The dos and don’ts of Local Variable Type Inference
Local Variable Type Inference was undoubtedly the biggest feature in Java 10. Even though Java 10 is already old news, the enthusiasm for this feature has not faded away. If you’re still now sure why or how to use it, Oracle’s Brian Goetz recently wrote a FAQ. Let’s have a look!
Java 10’s Local variable type inference (JEP 286), which enhances the Java language to extend type inference to declarations of local variables with initializers, got a lot of people excited. Even though Java 10 is already old news, the enthusiasm for this feature has not faded away.
In an interview series about the most popular (and useful!) Java 10 features, Nicolai Parlog said the following:
Java 8’s lambda expression required quite a lot of engineering time and had a big impact on the look of Java code. Java 9 took even longer, but code will look pretty much the same. Java 10 comes with local variable type inference, i.e. the
varkeyword, which, compared to lambdas and the module system, is a pretty straightforward feature. In essence, it’s “just a small change in the compiler”. But if widely adopted, it will change the way Java code looks even more profoundly than lambda expressions did. Let’s see whether that will be the case.
At the same time, Greg Luck, CEO of Hazelcast, described JEP 286 as a feature “all Scala lovers will appreciate the most since it allows to skip the type declaration for local variables and loops.” However, he also pointed out that the functionality is limited only to local variables and for-loop indexes.
Local Variable Type Inference explained
Java SE 10 introduced type inference for local variables. Previously, all local variable declarations required an explicit (manifest) type on the left-hand side. With type inference, the explicit type can be replaced by the reserved type name
varfor local variable declarations that have initializers. The type of the variable is inferred from the type of the initializer.
Have you read the style guidelines for Local variable type inference? If the answer is no, you should do that asap in order to understand some of the tradeoffs, and to properly use
If you still don’t know when and how to use it, you should know that Brian Goetz, Java Language Architect at Oracle recently wrote a FAQ about this feature.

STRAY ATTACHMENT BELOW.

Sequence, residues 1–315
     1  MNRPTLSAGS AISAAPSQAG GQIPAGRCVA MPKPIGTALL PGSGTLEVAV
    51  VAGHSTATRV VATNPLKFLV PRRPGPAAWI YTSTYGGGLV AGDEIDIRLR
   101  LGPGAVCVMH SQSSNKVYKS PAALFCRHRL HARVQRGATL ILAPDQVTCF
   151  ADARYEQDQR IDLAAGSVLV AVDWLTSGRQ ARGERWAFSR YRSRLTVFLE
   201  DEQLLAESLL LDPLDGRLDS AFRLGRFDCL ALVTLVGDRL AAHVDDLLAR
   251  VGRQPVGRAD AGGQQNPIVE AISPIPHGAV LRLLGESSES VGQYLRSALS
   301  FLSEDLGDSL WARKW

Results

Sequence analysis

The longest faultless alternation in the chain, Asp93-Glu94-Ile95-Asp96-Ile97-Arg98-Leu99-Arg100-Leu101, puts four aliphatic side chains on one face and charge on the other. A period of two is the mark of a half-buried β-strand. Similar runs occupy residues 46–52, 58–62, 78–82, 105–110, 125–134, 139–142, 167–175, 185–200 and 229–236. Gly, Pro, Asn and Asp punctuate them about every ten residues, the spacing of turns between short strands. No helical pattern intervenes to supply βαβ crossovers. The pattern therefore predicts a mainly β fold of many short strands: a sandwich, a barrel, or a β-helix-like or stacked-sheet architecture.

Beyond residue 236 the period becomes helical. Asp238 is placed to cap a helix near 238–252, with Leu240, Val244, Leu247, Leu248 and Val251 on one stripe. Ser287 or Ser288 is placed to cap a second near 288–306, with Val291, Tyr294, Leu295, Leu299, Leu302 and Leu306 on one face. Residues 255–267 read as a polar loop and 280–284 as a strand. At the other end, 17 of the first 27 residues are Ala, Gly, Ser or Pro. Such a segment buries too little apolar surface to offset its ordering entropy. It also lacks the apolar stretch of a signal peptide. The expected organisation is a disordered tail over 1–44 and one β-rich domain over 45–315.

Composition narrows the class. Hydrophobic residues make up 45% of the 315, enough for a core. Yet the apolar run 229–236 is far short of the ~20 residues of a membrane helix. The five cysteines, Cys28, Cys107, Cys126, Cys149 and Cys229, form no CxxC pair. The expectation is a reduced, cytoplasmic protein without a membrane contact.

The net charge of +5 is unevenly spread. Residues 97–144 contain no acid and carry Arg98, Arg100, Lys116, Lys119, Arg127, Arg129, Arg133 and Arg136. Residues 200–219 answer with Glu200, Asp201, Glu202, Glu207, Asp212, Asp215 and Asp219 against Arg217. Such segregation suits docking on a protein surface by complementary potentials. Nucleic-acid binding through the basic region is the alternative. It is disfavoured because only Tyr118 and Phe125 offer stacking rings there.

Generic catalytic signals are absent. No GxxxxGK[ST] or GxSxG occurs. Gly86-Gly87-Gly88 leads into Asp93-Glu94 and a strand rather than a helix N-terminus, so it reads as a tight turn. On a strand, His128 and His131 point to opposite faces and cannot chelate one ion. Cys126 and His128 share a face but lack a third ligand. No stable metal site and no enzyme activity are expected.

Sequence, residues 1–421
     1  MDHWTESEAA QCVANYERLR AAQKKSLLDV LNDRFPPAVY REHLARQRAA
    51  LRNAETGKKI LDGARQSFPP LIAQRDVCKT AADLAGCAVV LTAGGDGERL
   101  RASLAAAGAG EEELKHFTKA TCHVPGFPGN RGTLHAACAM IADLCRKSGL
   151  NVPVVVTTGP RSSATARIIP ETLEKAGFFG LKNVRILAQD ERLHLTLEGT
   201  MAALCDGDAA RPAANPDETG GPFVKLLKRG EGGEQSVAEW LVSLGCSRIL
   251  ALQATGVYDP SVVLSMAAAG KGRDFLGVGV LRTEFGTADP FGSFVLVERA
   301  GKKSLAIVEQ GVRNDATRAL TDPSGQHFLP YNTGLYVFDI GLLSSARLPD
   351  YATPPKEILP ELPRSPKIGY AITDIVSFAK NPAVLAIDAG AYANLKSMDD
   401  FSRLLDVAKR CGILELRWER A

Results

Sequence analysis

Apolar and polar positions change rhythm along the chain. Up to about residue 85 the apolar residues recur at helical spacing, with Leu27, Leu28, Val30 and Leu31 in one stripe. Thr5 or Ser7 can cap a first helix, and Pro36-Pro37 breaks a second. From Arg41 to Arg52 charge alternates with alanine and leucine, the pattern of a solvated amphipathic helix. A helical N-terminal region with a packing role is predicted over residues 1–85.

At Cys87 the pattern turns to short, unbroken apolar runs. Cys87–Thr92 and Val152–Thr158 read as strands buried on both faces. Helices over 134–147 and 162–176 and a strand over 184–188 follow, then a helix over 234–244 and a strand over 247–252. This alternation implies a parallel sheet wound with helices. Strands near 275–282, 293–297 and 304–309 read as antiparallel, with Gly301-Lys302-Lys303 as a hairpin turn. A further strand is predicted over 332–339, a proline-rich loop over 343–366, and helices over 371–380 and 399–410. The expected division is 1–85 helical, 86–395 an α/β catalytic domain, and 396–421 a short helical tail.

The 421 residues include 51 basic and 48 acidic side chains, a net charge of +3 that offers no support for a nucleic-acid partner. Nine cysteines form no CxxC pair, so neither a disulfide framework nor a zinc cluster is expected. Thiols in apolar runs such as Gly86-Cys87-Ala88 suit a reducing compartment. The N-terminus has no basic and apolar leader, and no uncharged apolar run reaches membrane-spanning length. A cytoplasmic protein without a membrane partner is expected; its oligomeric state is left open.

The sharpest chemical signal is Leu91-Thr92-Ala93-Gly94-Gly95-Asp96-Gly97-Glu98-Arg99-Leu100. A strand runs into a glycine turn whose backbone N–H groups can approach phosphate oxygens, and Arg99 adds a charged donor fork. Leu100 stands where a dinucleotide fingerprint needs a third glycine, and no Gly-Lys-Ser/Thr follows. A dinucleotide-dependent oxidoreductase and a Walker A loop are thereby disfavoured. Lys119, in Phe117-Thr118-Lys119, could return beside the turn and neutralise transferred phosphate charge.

For example, he mentioned that “local variables are used only in the block in which they are declared, so the compiler can ensure that they’re always initialized before they’re used.” He emphasized that when it comes to understanding code, the name and initial value of a local variable are oftentimes more important than the type of the local variable. Even though one should not underestimate the importance of the type is important, “the way the name is used on the next line might be more important,” he explained. Therefore, using
var can help make the important parts of the local variable declaration stand out.
When you use
var instead of a type, the Java compiler infers the type of the variable from its initial value. This will come in handy when the type
- has a long name,
- is a complex parameterized type, or
- if the type is redundant with the initial value.
In short, your code will be more concise if you chooose to use
var. Not only is readability not sacrificed but in some cases, it can even be improved by removing redundancy.
However, the addition of
vardoesn’t make Java dynamically typed:
var, the Java compiler infers the type of the variable at compile time, using type information obtained from the variable’s initializer. The inferred type is then used as the static type of the variable. Typically, this is the same as the type you would have written explicitly, so a variable declared with
varbehaves exactly as if you had written the type explicitly.
– Brian Goetz
Speaking of debunked myths, you should also know that local variables declared with
var are non-final by default. You can, however, add the
final var person = new Person();
Keep in mind that you can only use
var where type inference is desired; if a type is explicitly declared, you won’t be able to use it. Even if you added
val, it too could be used only where type inference is used. “The use of
val in Java could not be used to control immutability if the type were declared explicitly,” Brian explained.
var cannot be used for:
- method parameters, and
- method return types.
Types in the locations mentioned above appear explicitly in class files, as well as in javadoc specifications. “With type inference, it’s quite easy for a change to an initializer to cause the variable’s inferred type to change. For local variables, this is not a problem, because local variables are limited in scope, and their types are not recorded directly into class files.” It only becomes problematic if types for fields, method parameters, and method return types were inferred.
var can be used for:
- declaring local variables,
- including index variables of for-loops and
- resource variables of the try-with-resources statement.
We’ve barely scratched the surface so make sure the read the entire FAQ before using Local Variable Type Inference.
Local variable type inference (JEP 286) is part of Project Amber. Its goal is to explore and incubate smaller, productivity-oriented Java language features that have been accepted as candidate JEPs under the OpenJDK JEP process.
Two JEPs have already been delivered: one is JEP 286 Local-Variable Type Inference (
var), delivered in JDK 10 and the other is JEP 323 Local-Variable Syntax for Lambda Parameters, delivered in JDK 11.